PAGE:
Archaeologists in Louisiana save artifacts 12,000 years old from natural disasters and looters

VERNON PARISH, La. (AP) — Long buried under the woods of west central Louisiana, stone tools, spearpoints and other evidence of people living in the area as long as 12,000 years ago have become more exposed and vulnerable, due to hurricanes, flooding and looters.

This summer, archaeologists have been gingerly digging up the ground at the Vernon Parish site in the Kisatchie National Forest. They have been sifting through dirt to unearth and preserve the evidence of prehistoric occupation of the area.

“The site appears to have been continuously occupied throughout prehistory, as evidenced by a wide range of stone tools and pottery dating to each Native American cultural era up to European contact,” the U.S. Forest Service said in an news release.

Related stories
Archeological technician Makenzie Coufal clears soil away soil as workers dig for the suspected remains of children who once attended the Genoa Indian Industrial School, Tuesday, July 11, 2023, in Genoa, Neb. The mystery of where the bodies of more than 80 children are buried could be solved this week as archeologists dig in a Nebraska field that a century ago was part of a sprawling Native American boarding school. (AP Photo/Charlie Neibergall)Native American leaders visit site of archeological dig to find remains of boarding school studentsA sign marks the entrance to Oak Flat Campground, a sacred site for Native Americans located 70 miles east of Phoenix, on June 3, 2023, in Miami, Ariz. (AP Photo/Ty O'Neil)Arizona’s Oak Flat is sacred land to some Native Americans, but it’s endangered by a plan for a mineDartmouth College students Marisa Joseph, right, a member of the Tulalip Tribes of Washington, poses with Ahnili Johnson-Jennings, left, a member of the Quapaw, Choctaw, Sac and Fox and Miami tribes, pose outside the Native American House at Dartmouth College, Friday, April 7, 2023, in Hanover, N.H. The college announced in March 2023 that it housed partial Native American skeletal remains in their collection. Dartmouth has set in motion an effort to repatriate the remains to the appropriate tribes. (AP Photo/Charles Krupa)Native Americans demand accountability for ancestral remains identified at Dartmouth College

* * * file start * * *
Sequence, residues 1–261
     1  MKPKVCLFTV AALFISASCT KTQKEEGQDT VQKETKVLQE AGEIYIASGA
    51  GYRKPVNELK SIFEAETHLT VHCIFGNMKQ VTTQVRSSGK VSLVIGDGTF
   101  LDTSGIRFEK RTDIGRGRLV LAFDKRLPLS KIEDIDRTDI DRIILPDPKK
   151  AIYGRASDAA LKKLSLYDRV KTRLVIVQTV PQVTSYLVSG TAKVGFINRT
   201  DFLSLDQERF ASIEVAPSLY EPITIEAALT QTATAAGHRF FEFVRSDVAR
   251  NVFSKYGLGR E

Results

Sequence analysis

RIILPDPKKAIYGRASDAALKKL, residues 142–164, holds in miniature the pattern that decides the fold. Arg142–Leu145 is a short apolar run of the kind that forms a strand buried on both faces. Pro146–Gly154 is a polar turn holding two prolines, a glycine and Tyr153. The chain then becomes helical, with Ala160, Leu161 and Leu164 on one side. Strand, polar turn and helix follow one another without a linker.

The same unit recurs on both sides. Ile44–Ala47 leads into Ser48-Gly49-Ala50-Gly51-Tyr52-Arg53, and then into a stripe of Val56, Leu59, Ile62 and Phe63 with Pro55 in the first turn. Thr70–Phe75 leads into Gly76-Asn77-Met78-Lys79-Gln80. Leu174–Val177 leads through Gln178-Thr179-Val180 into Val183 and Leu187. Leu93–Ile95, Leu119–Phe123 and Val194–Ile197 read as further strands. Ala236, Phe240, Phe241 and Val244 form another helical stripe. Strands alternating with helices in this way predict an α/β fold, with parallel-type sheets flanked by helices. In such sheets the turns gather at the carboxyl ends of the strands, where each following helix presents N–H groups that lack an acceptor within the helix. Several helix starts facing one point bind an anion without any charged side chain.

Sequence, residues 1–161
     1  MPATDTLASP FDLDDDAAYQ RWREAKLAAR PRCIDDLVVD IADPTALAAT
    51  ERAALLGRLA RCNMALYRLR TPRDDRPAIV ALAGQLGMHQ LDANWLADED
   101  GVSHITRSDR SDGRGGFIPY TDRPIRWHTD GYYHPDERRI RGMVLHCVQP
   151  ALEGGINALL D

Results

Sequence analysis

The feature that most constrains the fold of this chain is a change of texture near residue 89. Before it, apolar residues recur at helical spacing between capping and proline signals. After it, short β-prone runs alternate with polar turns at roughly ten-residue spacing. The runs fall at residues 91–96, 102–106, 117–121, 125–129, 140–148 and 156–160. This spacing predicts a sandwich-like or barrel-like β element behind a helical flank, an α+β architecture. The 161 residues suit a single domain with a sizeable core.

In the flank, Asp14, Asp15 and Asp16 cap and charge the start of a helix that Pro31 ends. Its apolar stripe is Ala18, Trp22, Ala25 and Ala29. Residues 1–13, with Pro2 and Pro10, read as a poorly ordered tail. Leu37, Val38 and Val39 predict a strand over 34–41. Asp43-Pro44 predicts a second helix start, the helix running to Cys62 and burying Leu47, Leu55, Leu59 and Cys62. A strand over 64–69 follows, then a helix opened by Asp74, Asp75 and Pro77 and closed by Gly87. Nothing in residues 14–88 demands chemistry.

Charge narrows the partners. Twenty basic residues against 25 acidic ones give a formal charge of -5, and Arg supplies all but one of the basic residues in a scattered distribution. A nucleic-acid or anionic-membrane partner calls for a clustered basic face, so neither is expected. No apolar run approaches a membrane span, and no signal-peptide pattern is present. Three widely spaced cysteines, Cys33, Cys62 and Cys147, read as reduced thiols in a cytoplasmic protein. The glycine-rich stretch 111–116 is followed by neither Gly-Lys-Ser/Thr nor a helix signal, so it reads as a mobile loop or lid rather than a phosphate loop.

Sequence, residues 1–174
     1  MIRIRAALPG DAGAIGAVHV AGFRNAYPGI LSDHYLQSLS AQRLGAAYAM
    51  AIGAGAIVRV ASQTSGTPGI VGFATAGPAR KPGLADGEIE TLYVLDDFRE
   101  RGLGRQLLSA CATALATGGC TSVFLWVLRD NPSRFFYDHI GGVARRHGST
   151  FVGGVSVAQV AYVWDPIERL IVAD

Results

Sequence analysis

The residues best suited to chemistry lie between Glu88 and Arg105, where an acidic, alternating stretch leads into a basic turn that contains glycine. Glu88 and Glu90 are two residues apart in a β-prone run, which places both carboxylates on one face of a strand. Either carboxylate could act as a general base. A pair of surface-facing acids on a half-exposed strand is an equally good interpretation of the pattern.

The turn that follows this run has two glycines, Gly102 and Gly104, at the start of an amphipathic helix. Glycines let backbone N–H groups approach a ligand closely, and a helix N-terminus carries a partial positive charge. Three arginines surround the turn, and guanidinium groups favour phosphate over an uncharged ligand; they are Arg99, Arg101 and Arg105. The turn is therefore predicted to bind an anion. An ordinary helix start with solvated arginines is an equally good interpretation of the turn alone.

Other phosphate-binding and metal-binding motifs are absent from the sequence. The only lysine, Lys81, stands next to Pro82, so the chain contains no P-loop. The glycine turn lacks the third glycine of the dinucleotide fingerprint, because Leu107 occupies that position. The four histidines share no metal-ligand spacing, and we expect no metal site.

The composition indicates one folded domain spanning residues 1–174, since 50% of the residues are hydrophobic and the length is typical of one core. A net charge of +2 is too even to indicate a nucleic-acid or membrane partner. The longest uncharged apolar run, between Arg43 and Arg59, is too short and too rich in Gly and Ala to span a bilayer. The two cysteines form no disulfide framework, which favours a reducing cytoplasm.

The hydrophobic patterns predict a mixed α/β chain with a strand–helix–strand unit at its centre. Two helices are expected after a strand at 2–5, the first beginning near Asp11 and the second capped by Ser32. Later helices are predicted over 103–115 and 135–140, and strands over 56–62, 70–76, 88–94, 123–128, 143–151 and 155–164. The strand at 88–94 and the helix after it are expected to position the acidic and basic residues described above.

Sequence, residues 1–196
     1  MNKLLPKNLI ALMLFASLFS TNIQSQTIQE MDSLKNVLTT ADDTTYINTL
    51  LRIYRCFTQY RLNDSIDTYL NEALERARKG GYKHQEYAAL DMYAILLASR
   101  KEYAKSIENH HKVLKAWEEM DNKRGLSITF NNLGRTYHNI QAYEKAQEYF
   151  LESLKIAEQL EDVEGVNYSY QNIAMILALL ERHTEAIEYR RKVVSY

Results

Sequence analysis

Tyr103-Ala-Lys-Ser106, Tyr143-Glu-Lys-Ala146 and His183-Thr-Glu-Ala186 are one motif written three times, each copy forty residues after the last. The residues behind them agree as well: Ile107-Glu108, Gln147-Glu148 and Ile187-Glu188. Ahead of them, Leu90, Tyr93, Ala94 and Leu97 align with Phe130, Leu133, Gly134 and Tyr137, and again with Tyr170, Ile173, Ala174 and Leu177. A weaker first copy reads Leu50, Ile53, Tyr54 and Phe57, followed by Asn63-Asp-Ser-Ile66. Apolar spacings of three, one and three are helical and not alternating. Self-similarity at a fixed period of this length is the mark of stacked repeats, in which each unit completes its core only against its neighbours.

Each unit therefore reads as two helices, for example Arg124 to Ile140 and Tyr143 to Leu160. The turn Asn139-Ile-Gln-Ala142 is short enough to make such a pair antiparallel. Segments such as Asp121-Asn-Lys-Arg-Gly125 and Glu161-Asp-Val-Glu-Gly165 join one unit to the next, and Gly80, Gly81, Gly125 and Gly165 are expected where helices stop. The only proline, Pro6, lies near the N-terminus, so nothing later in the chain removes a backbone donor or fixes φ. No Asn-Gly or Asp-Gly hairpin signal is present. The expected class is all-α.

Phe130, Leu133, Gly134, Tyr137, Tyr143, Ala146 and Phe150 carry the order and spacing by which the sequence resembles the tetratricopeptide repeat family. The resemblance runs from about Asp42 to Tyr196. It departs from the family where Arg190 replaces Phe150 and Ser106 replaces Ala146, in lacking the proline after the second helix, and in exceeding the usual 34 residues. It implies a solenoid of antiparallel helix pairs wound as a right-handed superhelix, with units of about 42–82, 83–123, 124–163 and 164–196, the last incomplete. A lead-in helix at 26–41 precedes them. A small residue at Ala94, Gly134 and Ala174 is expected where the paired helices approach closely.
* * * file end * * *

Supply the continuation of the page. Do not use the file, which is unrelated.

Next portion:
The site was found by surveyors in 2003, according to the Forest Service. After hurricanes Laura and Delta uprooted trees, disturbing and exposing some of the artifacts, Kisatchie National Forest officials used hurricane relief money to begin salvage excavations to learn more about the site, and to preserve it.

“Between the looting and the hurricane damage we were really in danger of losing this site over time,” Forest Service archaeologist Matthew Helmer said during a media tour of the site in June.

Helmer, walked amid areas already excavated, pointing to changes in soil color and texture that, like the crude artifacts being excavated, can give clues as researchers work to determine facts about the people who occupied the area at different times over the millennia.